SGLT-2 inhibitors in T2DM management: current position & future promiseAug. 29, 2016
Since the 1950’s on, new medications for diabetes had not been discovered until midway 1990’s. Before that, insulin and sulfonylureas were the only options for treatment. As of 1995, the discovery of new medicines suddenly took off, which started with the introduction of metformin. Since then, every 3 to 4 years new medicines for diabetes were introduced.
Since 1995, every 3-4 years a new anti-hyperglycemic category of medication has been introduced, including the SGLT-2 inhibitors in 2013
The introduction of SGLT-2 inhibitors occurred in 2013. SGLT-2 inhibitors belong to the “glucose excreters”. These transporters of sodium and glucose serve to augment glucose excretion by the kidney. Until a certain threshold, SGLT-2 proteins can reabsorb glucose that is filtered by the glomerulus. Beyond this threshold, glucose is being excreted. By blocking SGLT-2 proteins, more glucose is being excreted.
There are three SGLT-2 inhibitors currently on the American and European market, three others in Japan and one is still under phase III investigation. But how effective are these inhibitors? Most important differences of SGLT-2 inhibitors compared to traditional drugs are the 6-fold fewer events of hypoglycaemia as well as the more durable haemoglobulin A1c (HbA1c) reduction, the modest body weight reduction, blood pressure reduction and triglyceride reductions, a small increase in HDL-c, a decrease in the albumin:creatinin ratio and the insulin-independent fashion of these drugs. In contrast, SGLT-2 inhibitors can go together with an increased risk for genital mycotic infections, urinary tract infections, diabetic ketoacidosis, polyuria, a reversible decrease in glomerular filtration rate (GFR), a small increase in LDL-c and fractures.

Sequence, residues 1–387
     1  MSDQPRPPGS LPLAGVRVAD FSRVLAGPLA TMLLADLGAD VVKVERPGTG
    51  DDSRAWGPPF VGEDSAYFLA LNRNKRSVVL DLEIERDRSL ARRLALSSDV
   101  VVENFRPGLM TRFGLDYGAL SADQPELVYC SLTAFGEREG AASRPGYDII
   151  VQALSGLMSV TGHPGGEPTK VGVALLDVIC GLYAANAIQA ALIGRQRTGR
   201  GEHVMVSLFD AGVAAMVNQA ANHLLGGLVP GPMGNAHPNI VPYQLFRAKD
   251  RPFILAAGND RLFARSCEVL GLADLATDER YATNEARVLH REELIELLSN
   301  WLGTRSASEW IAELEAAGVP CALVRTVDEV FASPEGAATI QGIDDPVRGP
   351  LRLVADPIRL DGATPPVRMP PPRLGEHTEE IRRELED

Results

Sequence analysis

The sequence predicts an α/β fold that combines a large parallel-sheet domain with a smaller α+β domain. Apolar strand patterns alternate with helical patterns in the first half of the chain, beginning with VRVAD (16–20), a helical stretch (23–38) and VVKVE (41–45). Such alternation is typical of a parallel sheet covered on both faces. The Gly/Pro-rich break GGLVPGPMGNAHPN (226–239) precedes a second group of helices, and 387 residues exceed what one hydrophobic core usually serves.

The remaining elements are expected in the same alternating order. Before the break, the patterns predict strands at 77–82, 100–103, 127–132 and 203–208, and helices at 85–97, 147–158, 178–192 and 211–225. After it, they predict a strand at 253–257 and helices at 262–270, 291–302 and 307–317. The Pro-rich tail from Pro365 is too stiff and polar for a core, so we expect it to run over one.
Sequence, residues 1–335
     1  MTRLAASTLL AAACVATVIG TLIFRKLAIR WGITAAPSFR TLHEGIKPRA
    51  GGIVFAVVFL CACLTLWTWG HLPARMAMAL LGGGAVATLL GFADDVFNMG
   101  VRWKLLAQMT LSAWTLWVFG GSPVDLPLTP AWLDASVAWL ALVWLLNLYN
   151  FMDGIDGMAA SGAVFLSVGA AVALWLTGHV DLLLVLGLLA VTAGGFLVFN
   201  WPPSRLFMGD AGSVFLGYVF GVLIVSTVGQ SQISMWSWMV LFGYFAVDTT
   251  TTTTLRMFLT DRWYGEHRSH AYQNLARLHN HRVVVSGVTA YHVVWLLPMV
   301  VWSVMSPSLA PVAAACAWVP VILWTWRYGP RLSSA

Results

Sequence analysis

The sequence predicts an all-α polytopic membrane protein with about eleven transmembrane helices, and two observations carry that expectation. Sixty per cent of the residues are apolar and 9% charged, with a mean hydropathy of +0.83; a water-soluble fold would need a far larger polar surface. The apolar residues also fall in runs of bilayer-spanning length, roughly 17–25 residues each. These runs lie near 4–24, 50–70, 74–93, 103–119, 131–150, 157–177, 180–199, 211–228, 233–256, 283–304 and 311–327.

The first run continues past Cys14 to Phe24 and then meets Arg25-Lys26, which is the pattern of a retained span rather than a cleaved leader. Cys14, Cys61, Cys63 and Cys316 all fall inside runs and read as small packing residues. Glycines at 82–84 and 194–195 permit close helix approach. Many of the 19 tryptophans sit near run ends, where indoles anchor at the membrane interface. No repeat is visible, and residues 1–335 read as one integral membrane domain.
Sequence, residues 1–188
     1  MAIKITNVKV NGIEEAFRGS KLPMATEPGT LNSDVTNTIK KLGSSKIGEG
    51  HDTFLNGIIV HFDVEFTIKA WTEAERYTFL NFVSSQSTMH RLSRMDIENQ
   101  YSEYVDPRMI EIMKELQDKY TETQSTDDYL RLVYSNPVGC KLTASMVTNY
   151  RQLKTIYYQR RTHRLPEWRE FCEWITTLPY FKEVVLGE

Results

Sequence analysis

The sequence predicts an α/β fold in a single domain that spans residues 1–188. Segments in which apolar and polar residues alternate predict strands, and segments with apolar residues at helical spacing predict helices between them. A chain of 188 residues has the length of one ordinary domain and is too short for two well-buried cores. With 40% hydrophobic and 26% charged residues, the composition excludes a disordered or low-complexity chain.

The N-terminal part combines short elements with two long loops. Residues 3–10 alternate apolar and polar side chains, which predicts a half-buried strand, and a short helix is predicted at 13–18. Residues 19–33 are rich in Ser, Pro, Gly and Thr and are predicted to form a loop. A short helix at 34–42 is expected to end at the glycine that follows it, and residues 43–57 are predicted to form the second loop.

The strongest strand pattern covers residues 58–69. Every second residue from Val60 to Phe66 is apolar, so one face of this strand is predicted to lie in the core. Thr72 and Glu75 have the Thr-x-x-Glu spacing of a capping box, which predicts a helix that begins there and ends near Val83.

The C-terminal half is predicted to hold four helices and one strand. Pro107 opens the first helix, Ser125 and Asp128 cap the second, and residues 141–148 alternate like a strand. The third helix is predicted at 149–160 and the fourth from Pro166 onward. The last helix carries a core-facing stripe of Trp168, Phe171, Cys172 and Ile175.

The benefits of SGLT-2 inhibitors can also be linked to CV risk benefit, like body weight and blood pressure reduction. In this light, the EMPA-REG OUTCOME trial evaluated the CV outcomes of diabetic patients treated with the SGLT-2 inhibitor empagliflozin. This trial showed a 14% risk reduction in the 3-point MACE outcome that was primarily driven by the impressive reduction in CV deaths (38%) and this effect already occurred very early during treatment6. This early effect suggests a haemodynamic effect rather than a reduction in atherosclerosis.
So how deleterious are these drugs for renal function? As said before, there is a small but reversible decrease in GFR and it is known that the drugs are less effective when kidney function is reduced. But there is a positive effect on albuminuria and patients with a genetic abnormality resulting in loss of glucose reabsorption prove that loss of glucose reabsorption is safe in non-diabetic patients with normal GFR. Furthermore, the EMPA-REG OUTCOME study showed a 41% reduction in worsening nephropathy with SGLT-2 inhibitors6.
The current position statement of the American Diabetes Association (ADA) and the European Association for the Study of Diabetes (EASD) regarding treatment of diabetic patients advocate that weight control, healthy eating and physical activity should be the foundation of therapy. This is followed by metformin as monotherapy, which after three months can be extended with dual or triple therapy with metformin and sulfonylureas, thiazolidinedione’s, DPP4-inhibitors, GLP-1 receptor agonists, insulin or SGLT-2 inhibitors. However, the choice of medication should be driven by the patient.